Alwin wrote a response to my article on diabetes in which he talks about how publishing is power, made accessible by the web. Meanwhile I'm preparing for a class on Oral History in which my students and I will talk about the authority of history versus how people construct their own stories. In class I am going to use a two-dimensional spectrum. One dimension is the between the public and the private--from public commemorations of historical events to our private theories of history. The other dimension is between history--a theory about the past--and memory. I hope that will come clear when I try to work through it.
I'm suggesting there is a common issue, which to put it onto one dimension would be a spectrum from authoritative knowledge to personal narrative. Let me talk about the particular kind of authoritative knowledge that is scientific (or what doctors call evidence-based medicine) for a minute and then I will come back to history. Professionals tend to think in terms of a spectrum in which the scientific is valid and the personal is not, but actually both kinds of knowledge are useful in different ways. My thinking is that there are two kinds of authority--scientific authority, which is hopefully based on good experimental results, and the authority of experience, which isn't statistically significant but can be useful in several ways. My example is that scientific authority says X is the best treatment for ADD, because in a carefully done study 60% of ADD kids benefited more from X and 40% benefited more from Y. But what if my son is one of the kids who benefited more from Y? I find the experience of other people often more useful than what doctors say not only because the doctors may be wrong, but also because when I read other people's experience I have a better chance of finding the approach that will work for my unique situation (physically sometimes, but particularly psychologically), which often isn't the standard approach.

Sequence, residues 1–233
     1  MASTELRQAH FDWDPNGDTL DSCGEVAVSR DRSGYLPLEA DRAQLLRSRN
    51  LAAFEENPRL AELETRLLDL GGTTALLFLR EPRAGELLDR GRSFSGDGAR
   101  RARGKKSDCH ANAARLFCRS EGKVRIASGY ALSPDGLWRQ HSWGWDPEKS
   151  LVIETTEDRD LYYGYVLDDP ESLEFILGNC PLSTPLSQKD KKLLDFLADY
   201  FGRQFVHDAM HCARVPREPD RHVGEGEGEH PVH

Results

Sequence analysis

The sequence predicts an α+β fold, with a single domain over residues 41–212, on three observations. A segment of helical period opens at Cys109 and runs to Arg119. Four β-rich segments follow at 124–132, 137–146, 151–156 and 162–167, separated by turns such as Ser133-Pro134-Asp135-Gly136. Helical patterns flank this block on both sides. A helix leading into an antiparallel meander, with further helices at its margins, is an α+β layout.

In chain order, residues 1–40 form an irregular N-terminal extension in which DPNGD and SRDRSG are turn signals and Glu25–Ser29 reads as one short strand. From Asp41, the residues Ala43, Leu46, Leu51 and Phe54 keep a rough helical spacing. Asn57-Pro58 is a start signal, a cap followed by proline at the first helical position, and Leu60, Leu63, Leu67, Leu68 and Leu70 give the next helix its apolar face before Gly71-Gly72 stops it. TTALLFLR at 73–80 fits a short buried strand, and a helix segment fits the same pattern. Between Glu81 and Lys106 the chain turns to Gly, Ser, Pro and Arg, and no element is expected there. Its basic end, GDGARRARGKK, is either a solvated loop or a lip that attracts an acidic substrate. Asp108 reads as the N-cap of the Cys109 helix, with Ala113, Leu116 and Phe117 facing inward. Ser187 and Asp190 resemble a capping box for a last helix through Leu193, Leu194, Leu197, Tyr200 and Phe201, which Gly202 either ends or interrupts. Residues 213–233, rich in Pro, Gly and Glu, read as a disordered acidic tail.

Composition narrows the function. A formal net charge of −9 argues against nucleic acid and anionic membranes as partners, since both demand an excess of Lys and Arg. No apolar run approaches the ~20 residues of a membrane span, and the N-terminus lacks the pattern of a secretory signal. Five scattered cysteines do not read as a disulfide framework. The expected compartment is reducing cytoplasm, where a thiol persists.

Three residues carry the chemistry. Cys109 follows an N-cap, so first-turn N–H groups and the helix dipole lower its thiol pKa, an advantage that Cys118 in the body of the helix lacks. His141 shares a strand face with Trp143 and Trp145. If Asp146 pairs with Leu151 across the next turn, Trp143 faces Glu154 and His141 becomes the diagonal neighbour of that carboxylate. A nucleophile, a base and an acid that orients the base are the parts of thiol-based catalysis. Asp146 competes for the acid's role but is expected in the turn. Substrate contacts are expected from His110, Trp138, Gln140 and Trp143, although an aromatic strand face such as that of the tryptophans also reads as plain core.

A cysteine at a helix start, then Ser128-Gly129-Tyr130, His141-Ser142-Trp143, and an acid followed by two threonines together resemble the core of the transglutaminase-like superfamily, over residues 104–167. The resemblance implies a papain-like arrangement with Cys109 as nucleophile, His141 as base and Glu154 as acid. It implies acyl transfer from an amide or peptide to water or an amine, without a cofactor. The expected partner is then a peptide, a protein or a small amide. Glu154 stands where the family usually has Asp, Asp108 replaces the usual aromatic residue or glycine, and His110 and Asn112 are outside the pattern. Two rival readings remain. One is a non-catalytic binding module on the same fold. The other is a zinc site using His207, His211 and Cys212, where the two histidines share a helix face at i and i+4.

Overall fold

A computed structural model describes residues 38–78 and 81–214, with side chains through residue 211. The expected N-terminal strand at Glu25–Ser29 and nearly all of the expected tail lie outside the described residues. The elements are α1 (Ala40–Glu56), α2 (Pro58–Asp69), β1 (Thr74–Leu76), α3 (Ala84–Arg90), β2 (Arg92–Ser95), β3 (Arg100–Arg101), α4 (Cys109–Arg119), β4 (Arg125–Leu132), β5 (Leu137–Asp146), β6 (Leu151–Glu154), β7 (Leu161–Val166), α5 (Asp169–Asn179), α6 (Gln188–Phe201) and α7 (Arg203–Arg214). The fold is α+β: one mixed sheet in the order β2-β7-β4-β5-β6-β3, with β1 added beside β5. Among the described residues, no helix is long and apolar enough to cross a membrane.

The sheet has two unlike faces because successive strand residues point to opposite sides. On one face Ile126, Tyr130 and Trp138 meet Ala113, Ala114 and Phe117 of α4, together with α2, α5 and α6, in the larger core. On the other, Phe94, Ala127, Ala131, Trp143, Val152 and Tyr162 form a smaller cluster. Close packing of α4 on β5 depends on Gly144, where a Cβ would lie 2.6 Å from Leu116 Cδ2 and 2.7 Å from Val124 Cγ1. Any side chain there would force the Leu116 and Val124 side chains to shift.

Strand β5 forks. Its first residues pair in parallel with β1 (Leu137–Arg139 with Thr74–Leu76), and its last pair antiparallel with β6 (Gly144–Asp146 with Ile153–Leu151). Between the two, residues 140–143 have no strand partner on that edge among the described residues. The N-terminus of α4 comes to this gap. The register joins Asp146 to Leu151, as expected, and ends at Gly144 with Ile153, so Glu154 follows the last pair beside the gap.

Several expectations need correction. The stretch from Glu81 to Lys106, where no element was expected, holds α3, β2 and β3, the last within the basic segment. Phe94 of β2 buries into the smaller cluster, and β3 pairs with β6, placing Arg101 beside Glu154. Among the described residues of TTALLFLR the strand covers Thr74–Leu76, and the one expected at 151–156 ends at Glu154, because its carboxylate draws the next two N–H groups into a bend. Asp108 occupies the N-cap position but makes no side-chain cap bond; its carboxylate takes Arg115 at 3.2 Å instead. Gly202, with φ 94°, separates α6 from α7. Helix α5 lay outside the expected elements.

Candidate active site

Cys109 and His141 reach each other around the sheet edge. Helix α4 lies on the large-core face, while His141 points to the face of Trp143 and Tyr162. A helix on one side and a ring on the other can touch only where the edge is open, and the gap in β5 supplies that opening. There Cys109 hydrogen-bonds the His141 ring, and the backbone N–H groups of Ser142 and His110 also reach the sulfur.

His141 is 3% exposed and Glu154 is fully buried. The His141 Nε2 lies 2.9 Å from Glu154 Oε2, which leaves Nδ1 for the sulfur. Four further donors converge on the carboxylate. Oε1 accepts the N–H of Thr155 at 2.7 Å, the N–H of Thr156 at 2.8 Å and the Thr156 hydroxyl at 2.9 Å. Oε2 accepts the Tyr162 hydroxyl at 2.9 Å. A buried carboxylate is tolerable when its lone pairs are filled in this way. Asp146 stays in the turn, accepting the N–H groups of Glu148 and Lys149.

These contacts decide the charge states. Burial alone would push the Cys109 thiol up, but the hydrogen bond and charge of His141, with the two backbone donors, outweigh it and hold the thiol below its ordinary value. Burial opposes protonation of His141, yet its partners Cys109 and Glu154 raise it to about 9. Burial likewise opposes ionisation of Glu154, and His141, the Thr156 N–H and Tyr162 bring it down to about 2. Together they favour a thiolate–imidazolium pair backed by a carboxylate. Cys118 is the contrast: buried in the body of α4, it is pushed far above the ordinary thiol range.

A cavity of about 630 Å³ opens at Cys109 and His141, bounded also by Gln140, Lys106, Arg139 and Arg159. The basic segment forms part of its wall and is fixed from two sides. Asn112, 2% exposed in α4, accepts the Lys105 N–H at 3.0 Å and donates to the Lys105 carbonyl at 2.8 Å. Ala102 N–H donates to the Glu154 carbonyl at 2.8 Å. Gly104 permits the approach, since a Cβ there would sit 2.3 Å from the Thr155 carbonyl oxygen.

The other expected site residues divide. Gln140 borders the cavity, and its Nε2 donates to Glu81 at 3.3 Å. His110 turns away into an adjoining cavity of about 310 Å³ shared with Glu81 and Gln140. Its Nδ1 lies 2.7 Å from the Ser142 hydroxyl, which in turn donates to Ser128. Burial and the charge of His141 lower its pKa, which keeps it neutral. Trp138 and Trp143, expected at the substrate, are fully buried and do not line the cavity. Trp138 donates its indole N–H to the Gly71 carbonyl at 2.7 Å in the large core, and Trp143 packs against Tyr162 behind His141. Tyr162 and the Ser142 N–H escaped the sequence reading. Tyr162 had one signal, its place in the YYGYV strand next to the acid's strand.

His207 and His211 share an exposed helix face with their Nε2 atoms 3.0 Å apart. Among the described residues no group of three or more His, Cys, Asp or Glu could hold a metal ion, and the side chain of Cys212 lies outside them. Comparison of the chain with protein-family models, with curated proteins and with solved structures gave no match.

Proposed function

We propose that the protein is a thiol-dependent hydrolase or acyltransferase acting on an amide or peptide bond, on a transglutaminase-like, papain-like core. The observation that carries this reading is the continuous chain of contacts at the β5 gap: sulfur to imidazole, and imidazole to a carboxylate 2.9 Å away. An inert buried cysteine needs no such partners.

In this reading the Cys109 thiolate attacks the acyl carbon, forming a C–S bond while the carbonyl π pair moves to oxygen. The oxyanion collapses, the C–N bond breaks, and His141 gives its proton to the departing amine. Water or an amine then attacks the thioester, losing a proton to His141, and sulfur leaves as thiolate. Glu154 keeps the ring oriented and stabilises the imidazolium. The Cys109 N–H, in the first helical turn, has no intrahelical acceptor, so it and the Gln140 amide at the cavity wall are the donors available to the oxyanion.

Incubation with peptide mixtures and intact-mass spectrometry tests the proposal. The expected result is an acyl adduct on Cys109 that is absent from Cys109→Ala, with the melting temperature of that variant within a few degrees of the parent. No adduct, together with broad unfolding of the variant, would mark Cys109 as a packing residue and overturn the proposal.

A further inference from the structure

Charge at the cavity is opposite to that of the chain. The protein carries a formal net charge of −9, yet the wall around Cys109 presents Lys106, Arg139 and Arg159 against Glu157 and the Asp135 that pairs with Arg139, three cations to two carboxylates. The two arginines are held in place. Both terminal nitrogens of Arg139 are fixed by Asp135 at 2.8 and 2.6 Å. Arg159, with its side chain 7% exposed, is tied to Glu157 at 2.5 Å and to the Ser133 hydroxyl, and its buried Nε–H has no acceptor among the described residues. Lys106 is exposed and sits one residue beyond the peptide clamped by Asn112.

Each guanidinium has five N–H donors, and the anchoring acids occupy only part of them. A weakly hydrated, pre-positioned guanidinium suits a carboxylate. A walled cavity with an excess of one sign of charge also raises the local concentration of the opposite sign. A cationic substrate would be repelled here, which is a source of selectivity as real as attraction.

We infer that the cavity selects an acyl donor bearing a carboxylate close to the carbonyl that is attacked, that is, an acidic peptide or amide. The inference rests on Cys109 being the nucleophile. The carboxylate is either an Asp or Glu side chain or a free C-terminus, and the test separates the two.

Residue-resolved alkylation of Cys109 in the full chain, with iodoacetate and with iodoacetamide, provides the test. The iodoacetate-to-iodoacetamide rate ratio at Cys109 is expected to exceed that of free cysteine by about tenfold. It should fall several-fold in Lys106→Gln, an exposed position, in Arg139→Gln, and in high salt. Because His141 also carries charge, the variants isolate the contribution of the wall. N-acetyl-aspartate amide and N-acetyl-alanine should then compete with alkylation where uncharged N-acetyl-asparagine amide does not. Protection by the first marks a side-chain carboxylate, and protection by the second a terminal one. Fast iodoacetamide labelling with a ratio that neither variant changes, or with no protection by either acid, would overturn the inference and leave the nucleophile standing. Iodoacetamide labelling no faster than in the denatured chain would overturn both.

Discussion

My oral history reading suggests that it isn't enough to talk about authoritative or scientific knowledge vs. individual experience, precisely because people use theories they get from the larger culture to think about their own individual experience. I told my diabetes story as a story of gaining a personal sense of control, an organizing principle that wouldn't come naturally to someone from a less elite background. Publishing may be power, but our voices are heard by particular audiences if we structure our stories in certain ways.
There is more there, but I can't quite get the pieces to come together. I hope that I do better when I have the energy of teaching.